Terrorists who bombed Pan Am 103 over Lockerbie on 21st December 1988 murdered two hundred and seventy passengers, crew and folk of the quiet Scottish town of Lockerbie. Among the dead was Flora MacDonald Swire, aged twent four.
Two Libyan agents - Abdel Basset Ali Al-Megrahi and Khalifa Fhimah - were targeted by the FBI and CIA as the guilty men. In 2000, in a trial held at Kamp Zeist, Holland, Fhimah was released with "no case to answer". Al-Megrahi was convicted. Much of the world believed that that was where the story ended. Only after twenty years campaigning by Jim Swire, Professor Bob Black and others did the sensational truth begin to emerge.
Three key elements in the conviction of Al-Megrahi were:
1. The identification of Al-Megrahi. In an extraordinary development in 2005, Maltese shopkeeper Tony Gauci was exposed at an unreliable witness by the man who in 1991 indicted Al-Megrahi, former Scottish Lord Advocate Peter Fraser. In Fraser's words, Gauci was "an apple short of a picnic".
The judges had trusted Gauci's confused evidence, unaware of the existence of several other contradictory statements kept secret by the police.
They were also unaware of the existence of a key witness, David Wright, who in 1989 gave a statement to the police which flatly contradicted many aspects of Gauci's evidence. The police quietly filed his statement and concealed the existence of Wright and his evidence from the trial.
The police also concealed from the trial US offers of "unlimited monies" if Al-Megrahi was convicted. It is now proven that Gauci was paid $2 million, and his brother Paul $1 million.
2. A fragment of printed circuit board found by British forensic scientist Dr Thomas Hayes. Its label had been altered by an unknown person, and Haye's notebook entry concerning the finding remains to this day highly suspicious.
Hayes was formerly head of the Forensics explosives laboratory at the British Royal Armaments Research and Defence Establishment (RARDE). His evidence was central to the prosecution case.
And yet he has an uncomfortable history in relation to another major terrorist event, the bombing of Guildford barracks, for which seven members of the Maguire family - The Maguire Seven - were arrested. In that trial Hayes and two of his working colleagues knew of significant evidence consistent with the innocence of the accused, but concealed it from the Guildford bombing trial.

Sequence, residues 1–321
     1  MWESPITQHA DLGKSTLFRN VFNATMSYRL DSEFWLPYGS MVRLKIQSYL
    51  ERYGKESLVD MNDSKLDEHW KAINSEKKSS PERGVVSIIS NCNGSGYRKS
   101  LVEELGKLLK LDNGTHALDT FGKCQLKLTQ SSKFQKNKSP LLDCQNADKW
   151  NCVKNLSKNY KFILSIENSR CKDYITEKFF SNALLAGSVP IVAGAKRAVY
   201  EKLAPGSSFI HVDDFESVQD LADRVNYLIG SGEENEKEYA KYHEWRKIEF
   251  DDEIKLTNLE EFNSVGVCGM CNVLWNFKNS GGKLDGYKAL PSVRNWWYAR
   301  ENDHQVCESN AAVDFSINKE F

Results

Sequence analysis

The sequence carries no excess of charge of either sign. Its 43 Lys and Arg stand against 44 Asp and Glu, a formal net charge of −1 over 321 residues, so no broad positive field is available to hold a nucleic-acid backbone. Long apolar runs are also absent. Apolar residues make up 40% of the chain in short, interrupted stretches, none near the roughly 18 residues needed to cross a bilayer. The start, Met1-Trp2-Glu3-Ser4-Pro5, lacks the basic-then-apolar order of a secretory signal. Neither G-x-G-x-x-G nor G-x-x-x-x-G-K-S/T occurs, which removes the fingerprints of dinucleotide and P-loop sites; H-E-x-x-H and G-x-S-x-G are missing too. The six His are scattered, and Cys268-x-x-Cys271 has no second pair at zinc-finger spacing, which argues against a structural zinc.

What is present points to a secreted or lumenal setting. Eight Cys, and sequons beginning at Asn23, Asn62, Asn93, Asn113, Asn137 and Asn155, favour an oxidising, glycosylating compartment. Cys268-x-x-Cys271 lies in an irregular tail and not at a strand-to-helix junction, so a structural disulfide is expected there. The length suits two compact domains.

It was only through a Parliamentary judicial inquiry by Sir John May, beginning in September 1989 and concluding in July 1990, that the matter was exposed. The entire Maguire family were freed on appeal.
In the Lockerbie case, in February 2012, startling new evidence emerged. Specially commissioned scientific tests by two independent experts proved that the fragment produced in the trial could not have come from a timer board manufactured by Swiss electronics company Thuring. Thuring supplied electronic circuit boards for a wide range of industries, including Swiss supplier to Libya, MEBO.
In the Lockerbie case former Scottish Lord advocate Peter Fraser indicated suspicions in the minds of some that "key evidence" might have been planted and commented that "the CIA were very subtle" in relation to the case. He has, however, never made clear to what he was referring. We might fairly ask, to what was he referring? Fraser qualified this with the comment: "But four other Lord Advocates have also examined the evidence and they have all concurred with it." It has now been proved that the evidence included a timer fragment that today has been proved to be false. The judges were totally unaware of this.
3. Key evidence concealed from the court by the police and Scottish Crown officers. Only in 2007 did it emerge (in a four-year investigation by the Scottish Criminal Cases Review Commission) that many important statements and facts were concealed by Scottish police and Crown officers.
Material kept secret in the personal notebook of the chief police investigator DCI Harry Bell proved that from the earliest stages of the investigation the two key identification witnesses (CIA double agent Majid Giaka and Maltese shopkeeper Tony Gauci) were offered "unlimited monies" for their cooperation and giving of evidence.
To re-establish the reputation of Scottish justice it is imperative that an independent inquiry take place into the undisclosed evidence and its effect upon the course of the trial.